In the week after break, the high school saw a record amount of COVID 19 cases. 219 students tested positive, almost doubling the total cases for the entire school year up to January.

The high school responded to this surge in cases by temporarily canceling winter sports for a few days, asking teachers to socially distance more, and moving 9th grade lunches to the gym. The sports season has been restored, but freshmen are still eating on the second floor.

The student reaction to these moves has been varied.

“I think they’re doing a pretty good job. There’s only a certain amount you can do in school before you have to go online again” said Andrei Samarin ’23. “Because you have to have all the kids in school, so if you want to do fully in person learning, there is a limit to what you can do with protection by moving the lunches, making sure everyone’s socially distant, classes reminding everyone to wear their masks”

Myles Vigil ’22 had a very different take on the issue, seeing these precautions as insufficient to stop the spread of COVID.

“I think it would be safer for people that are at risk if we just stopped going to school for a few weeks and tried to find cases and get them out of the school before they really hurt people. But I don’t think that’s possible right now”

Harmonie Chen ’23 did Remote Learning School (RLS) last year to avoid spreading COVID-19 to her household, which includes her grandparents, but has gone in person this year. Despite her challenging experience in RLS, she has nevertheless supported online school as a temporary solution.

“I’m personally fine with going remote, I think that the best solution would be to just wait it out. Wait until cases are getting lower, because 60 cases a day is not right,” said Chen. “People are coming from break that would have caught it during break and now are transmitting it during school. This period of time is definitely very risky.”

Brooke Dawes ’24 has some friends who got COVID, and sees the missed work those who are quarantining have to make up as another potential issue.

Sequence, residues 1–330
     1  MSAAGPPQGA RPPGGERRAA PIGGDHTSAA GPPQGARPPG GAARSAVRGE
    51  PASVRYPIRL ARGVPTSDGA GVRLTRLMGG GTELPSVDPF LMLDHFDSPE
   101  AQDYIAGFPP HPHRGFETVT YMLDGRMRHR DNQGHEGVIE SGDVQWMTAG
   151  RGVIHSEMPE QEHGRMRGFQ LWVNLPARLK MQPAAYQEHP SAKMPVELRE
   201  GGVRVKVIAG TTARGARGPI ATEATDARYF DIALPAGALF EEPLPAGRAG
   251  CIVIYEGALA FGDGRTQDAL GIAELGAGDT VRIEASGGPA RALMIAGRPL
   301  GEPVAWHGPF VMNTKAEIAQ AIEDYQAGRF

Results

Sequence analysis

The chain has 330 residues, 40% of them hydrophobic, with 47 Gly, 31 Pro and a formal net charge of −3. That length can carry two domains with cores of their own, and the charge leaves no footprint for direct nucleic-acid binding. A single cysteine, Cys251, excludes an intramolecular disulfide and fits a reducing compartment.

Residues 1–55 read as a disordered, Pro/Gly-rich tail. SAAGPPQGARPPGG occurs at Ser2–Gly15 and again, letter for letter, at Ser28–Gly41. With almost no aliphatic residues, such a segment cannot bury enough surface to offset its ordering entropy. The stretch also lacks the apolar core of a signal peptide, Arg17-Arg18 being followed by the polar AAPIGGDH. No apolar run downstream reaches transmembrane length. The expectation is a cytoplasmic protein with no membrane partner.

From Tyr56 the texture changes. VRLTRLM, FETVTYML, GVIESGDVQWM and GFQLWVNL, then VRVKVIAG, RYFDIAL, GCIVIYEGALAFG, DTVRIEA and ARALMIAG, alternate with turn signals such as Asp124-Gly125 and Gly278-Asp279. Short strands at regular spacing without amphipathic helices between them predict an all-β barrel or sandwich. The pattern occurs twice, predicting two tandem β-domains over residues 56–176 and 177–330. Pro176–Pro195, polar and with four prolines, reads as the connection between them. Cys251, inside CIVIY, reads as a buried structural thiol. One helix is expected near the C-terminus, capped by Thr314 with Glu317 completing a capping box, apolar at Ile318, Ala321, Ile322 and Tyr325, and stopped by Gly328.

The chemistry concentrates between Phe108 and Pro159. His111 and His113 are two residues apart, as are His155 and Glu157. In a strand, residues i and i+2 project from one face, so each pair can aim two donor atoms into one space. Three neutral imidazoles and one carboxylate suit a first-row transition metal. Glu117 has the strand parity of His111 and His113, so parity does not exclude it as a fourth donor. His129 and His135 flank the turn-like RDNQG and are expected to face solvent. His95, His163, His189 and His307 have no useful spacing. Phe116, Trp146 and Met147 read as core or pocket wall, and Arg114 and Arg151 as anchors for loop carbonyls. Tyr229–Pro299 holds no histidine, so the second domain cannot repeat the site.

“It’s hard for the people who have COVID to keep up with school,” said Dawes “But I do know some people who have had it, and the teachers are understanding.”

Governor Charlie Baker has been insistent that school days must be in person for them to count towards the 180 day quota the high school must meet, equating online school to “playing underwater basketball,” an absurdly ineffective struggle. Under this pressure to remain open and with limited resources to enforce mask rules, the administration has started emphasizing the role of students.

“It’s very difficult to manage, especially with the limited number of staff we have in the cafeteria during that time, so we’re relying on students to use their agency and take that ownership to make good choices,” said Mr. Shattuck, one of the high school’s assistant principals.

Samarin has observed that students are heeding this advice more now, compared to before break.

“I think compared to before the break, there seem to be more people being a little bit safer. I know before break, I’d often see people may not have worn their masks right, but since we came back, I’ve noticed less of that,” said Samarin. People are realizing [the Omicron variant] is pretty dangerous and spreads very fast.”

 Although she has not felt particularly unsafe coming back to in person school, this has started to change with the rapid spread of the Omicron variant.

“I know that we’ve been doing the right [thing]. And some of [my friends] were unlucky, and they got COVID-19 from a person that partied—so there are some students that do a great job and some just don’t care.”

Mr. Shattuck has a clear message that he wants to send to students about their role in fighting the pandemic.

“It’s not just about you. It’s about everyone in this building. And it’s about the loved ones who aren’t in this building, you know, we’ve had we’ve had people who are very close to both students teach this building pass away from COVID, take ownership of your safety. If you’re not going to do it for yourself, do it for the people you care about.”

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